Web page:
• 'Blessed be the fruit' - the greeting of the handmaids in the classic novel, and now TV series. (The Handmaid's Tail / MGM)
You'll never take food for granted after seeing Margaret Atwood's dystopian future in The Handmaid's Tale, where every mouthful is somewhere between the Lord’s bounty and bitter ashes.
Nicole Eckersley

6 Jul 2017 - 11:15 AM  UPDATED 14 Jul 2017 - 12:30 PM

In case your reading list somehow omitted this feminist parable - a piece of fiction designed to leave its readers sitting in bed at 2am, hair standing on end, eyes staring, reaching for the nearest lady's undergarment and a lighter - it's a terrifying campfire story fabricated entirely out of things that humans have actually done to each other in the name of religion and control.

In Atwood's Republic of Gilead - the smoking remains of the continental United States, a rigidly-controlled cross between Quiverfull and George Orwell's 1984 - the few remaining fertile women are forced to bear children for theocratic leaders and their wives. Our hero, Offred - played by Elisabeth Moss in the adaptation by American company Hulu - is handmaid to the high-ranking Commander Waterford (Joseph Fiennes) and his wife Serena Joy (Yvonne Strahovski, or to give her her formal Australian title, 'Our Yvonne').

Watch episode 1 here and find the whole series on SBS On Demand:


In a world where every thought is policed, every action scrutinised and every freedom curtailed, the pleasures of the flesh are off the table - with one exception: food.

"Did you see? They have oranges. Praise be his bounty."

I don't need oranges. I need to scream. I need to grab the nearest machine gun.

Hulu's series beautifully contrasts the casual face-stuffing of the 'before-times' of our daily lives - food trucks, morning pancakes, restaurant queues, coffee shops, fancy lunches - with the affected near-Amish kitchens and bland, frugal food-stamp rationing of Gilead.

The handmaids' only moments of relative freedom are their trips to the biblically-named supermarkets - Loaves and Fishes, All Flesh, Milk and Honey - harshly-lit, advertising-free and with shelves sparse enough to be straight out of North Korea. Jar labels have pictures of their contents - women in Gilead are forbidden to read.

Food shopping is one of the few normal activities the handmaid's are able to do.

The table in Gilead is a front line of class warfare. For the high-ranking Wives, it's all fine china, white linen, high-tea treats and grapes. State events are catered with the obsessive detail of a 1970s Women's Weekly spread, all tiny over-fancy canapés and wine - the last vestige of meaningful power for a Gileadian Wife amounting to impressing political guests with the quality of their smiles and complexity of their biscuit biscuit toppings. Commanders sip outlawed whisky with impunity.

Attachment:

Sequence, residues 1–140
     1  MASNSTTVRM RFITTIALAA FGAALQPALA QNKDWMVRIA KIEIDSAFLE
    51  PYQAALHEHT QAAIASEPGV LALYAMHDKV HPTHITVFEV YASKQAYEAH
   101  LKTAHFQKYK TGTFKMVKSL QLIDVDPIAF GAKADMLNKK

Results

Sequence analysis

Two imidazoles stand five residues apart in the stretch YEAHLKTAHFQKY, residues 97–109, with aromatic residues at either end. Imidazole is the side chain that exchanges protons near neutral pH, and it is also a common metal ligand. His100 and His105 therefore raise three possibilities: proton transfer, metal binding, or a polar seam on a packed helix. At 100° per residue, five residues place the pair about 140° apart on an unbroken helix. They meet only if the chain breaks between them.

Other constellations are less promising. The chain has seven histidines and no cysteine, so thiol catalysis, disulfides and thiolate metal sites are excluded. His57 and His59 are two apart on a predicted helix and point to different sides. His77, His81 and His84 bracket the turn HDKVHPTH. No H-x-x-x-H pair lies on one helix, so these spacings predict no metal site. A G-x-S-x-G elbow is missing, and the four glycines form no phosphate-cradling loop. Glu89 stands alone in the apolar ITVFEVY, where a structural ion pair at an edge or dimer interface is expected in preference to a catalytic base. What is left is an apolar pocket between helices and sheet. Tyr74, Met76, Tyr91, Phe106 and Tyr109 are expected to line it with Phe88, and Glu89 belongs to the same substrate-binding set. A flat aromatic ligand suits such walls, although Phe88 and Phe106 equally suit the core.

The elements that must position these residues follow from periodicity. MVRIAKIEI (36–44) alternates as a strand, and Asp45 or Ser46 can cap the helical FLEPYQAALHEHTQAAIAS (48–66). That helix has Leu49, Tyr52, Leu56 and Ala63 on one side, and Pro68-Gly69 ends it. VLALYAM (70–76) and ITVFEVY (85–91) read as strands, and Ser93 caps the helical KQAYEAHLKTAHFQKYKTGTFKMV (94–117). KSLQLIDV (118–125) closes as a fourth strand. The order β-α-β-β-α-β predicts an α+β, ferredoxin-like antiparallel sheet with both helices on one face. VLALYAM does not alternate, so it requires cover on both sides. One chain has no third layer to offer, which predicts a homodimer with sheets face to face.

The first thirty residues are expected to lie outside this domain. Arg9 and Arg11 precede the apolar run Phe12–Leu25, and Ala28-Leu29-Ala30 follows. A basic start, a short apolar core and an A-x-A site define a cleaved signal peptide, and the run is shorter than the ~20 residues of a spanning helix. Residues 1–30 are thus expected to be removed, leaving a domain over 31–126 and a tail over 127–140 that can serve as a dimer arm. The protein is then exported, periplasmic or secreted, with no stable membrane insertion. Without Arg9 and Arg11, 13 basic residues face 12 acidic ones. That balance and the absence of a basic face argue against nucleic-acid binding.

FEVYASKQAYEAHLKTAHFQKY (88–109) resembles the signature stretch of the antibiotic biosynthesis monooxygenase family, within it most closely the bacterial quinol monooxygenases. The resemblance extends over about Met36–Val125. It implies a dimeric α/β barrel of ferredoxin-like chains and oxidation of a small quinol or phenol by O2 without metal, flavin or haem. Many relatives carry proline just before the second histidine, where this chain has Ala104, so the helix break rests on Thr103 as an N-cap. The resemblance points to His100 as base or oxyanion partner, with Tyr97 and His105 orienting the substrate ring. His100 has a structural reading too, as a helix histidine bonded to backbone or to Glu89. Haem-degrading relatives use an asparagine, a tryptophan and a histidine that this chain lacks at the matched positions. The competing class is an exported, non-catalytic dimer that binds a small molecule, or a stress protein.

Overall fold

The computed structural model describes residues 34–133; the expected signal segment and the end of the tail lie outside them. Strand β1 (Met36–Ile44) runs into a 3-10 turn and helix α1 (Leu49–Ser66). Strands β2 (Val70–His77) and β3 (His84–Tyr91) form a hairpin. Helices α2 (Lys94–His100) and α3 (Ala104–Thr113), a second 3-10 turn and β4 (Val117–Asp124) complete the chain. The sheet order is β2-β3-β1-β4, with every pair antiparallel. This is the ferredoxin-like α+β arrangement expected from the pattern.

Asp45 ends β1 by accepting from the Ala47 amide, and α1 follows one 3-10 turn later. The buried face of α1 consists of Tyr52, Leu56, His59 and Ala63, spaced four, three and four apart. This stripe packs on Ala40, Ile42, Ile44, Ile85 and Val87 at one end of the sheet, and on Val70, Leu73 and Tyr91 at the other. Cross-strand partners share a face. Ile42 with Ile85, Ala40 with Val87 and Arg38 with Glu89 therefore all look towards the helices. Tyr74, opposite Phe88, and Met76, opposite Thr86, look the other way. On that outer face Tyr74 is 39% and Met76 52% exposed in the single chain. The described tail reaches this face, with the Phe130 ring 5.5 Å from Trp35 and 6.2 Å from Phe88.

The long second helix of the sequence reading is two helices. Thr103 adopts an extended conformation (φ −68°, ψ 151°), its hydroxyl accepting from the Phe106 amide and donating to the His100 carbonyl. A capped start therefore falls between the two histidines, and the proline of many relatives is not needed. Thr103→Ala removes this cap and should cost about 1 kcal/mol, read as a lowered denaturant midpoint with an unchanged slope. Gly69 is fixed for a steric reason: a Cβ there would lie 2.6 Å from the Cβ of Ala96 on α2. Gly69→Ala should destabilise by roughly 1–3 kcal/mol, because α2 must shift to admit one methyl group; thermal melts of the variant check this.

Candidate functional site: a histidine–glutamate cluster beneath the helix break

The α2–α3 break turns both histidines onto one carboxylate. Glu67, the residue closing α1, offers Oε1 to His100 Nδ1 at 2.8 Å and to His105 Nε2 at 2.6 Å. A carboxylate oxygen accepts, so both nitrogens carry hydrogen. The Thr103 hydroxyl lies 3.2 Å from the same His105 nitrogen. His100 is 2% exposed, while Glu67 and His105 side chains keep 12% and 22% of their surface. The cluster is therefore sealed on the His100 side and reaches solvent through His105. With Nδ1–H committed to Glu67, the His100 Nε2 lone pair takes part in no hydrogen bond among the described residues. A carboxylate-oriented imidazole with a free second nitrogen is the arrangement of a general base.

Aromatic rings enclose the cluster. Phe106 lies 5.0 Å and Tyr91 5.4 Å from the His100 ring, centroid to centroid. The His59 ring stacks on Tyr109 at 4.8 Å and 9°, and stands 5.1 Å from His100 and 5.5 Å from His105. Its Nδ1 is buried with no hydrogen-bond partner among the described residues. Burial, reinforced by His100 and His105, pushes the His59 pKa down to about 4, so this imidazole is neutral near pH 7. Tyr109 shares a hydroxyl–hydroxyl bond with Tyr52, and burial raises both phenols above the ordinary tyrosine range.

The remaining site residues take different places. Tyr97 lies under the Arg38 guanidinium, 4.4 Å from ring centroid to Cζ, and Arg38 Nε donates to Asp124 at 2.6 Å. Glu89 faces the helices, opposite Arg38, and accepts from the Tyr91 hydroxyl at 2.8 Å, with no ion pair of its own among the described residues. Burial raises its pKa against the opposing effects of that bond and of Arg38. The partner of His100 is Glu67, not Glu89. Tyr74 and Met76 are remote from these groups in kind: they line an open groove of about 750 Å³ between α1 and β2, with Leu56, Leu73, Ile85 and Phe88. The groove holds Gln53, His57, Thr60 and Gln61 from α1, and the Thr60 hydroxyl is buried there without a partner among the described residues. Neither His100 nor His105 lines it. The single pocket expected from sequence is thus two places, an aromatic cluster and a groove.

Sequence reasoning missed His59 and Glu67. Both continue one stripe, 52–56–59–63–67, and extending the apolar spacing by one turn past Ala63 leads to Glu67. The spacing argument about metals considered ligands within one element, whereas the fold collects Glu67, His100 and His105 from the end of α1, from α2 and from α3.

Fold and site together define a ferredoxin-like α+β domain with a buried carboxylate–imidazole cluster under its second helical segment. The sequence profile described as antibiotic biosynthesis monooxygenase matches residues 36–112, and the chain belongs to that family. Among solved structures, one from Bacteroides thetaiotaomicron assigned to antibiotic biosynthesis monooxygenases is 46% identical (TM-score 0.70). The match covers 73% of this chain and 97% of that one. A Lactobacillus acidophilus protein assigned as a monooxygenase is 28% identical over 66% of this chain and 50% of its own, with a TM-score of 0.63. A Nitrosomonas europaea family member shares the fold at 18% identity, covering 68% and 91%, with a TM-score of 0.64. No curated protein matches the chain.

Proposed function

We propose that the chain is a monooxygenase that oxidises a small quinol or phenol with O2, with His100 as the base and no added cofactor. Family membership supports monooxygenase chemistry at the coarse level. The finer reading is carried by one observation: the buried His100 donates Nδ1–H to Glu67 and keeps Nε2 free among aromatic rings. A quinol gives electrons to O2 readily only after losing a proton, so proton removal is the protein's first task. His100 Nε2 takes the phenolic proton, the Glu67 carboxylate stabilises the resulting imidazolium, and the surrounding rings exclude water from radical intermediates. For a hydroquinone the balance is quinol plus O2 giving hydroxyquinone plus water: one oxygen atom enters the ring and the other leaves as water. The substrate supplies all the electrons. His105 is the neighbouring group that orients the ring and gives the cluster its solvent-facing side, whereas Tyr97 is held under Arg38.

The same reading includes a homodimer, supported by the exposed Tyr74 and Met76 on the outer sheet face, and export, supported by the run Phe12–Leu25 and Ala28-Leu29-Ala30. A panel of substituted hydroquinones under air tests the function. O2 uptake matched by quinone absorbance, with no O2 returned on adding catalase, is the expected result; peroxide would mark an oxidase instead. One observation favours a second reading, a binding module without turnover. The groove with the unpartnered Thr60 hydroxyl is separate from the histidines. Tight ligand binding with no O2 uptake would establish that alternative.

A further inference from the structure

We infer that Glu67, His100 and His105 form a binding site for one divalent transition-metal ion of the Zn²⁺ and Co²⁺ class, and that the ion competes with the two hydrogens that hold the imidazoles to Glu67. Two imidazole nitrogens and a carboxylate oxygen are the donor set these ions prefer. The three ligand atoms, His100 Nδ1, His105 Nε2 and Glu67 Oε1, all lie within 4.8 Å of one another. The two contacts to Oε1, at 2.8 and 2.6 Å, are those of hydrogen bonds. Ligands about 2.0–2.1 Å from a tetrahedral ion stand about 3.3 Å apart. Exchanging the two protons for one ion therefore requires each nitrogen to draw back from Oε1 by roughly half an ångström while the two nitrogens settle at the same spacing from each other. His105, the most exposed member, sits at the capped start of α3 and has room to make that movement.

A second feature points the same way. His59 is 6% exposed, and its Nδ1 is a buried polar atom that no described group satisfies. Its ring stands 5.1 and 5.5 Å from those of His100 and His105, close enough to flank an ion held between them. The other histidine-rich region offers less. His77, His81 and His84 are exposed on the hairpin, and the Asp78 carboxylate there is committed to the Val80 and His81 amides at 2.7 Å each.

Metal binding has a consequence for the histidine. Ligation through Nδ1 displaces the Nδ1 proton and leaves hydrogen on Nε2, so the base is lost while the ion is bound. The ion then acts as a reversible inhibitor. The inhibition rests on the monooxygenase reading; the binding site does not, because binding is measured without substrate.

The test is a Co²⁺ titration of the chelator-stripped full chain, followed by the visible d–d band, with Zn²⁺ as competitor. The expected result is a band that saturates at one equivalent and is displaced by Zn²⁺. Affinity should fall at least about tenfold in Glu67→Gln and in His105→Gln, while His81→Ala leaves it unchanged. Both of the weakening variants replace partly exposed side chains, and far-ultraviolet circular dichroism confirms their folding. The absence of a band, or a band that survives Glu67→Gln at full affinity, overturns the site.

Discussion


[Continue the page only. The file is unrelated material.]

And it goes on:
In the domestic kitchen, the servant-class Marthas make bread from scratch - not because they need to, but because rejecting mass-production and handing labour back to serving women suits the biblical affectations of Gilead.

For anyone not at the top of Gilead's pious heap, men and women alike, it's bland porridge, eggs, black-market cinnamon and noses pressed against the glass. The handmaids are controlled and bribed with food by the commanders' wives, fed treats like children or pets. In the absence of anything else to do, most of the handmaids spend large swathes of time daydreaming about ice cream, or jealously inhaling the rare smell of real coffee. Food is one of the few meaningful currencies and comforts among the handmaids. Take a beating, and a handmaid might find a little something extra on her breakfast tray from her compatriots. It's also, like every gift or small pleasure in Gilead, instantly suspect - a courtesy or a trap.

Hulu has gone all-out to make you feel the hunger of Gilead, and really, truly savour your freedom to step out for a burger whenever you like, but don't expect the show to exactly mirror the book. Atwood's Offred might get to occasionally enjoy a canned pear, or spend a couple of pages obsessively savouring her boiled eggs, but Moss' Offred is made of tougher stuff. If you're looking out for the butter - the famed moisturiser of last resort in Atwood's novel, palmed off a dinner tray and squirrelled away in a spare boot, to be applied as a small sensual indulgence despite the smell - you'll be disappointed. Moss has bigger things to worry about than the chapped state of her own skin - a fiercer fighter than Atwood's more introspective slow-boiled frog.

It's never made clear exactly what brought about the demise of fertility in Gilead's Earth - both reproductive and crop-wise - but Atwood saw no reason to limit her dystopian famine to any one apocalypse, and neither did the producers of the series. Nuclear winter, climate change, war, farming practices, overfishing - take your pick. The standard greeting between handmaids in Gilead - ‘Blessed be the fruit’ - is a biblical slice from Deuteronomy: “Blessed be the fruit of your womb, the produce of your soil and the offspring of your livestock, the issue of your herds and the young of your flocks”. If one is willing to overlook a bit of slavery, the handmaids are just another of Gilead’s productive farming techniques in a starving world.

So make some popcorn, smother it with precious butter, settle in on the couch and savour every moment of this excellent show.

Images: The Handmaid's Tale / MGM

The Handmaid’s Tale is making its Australian debut exclusively on SBS On Demand with all ten episodes available to stream in full from July 6.  

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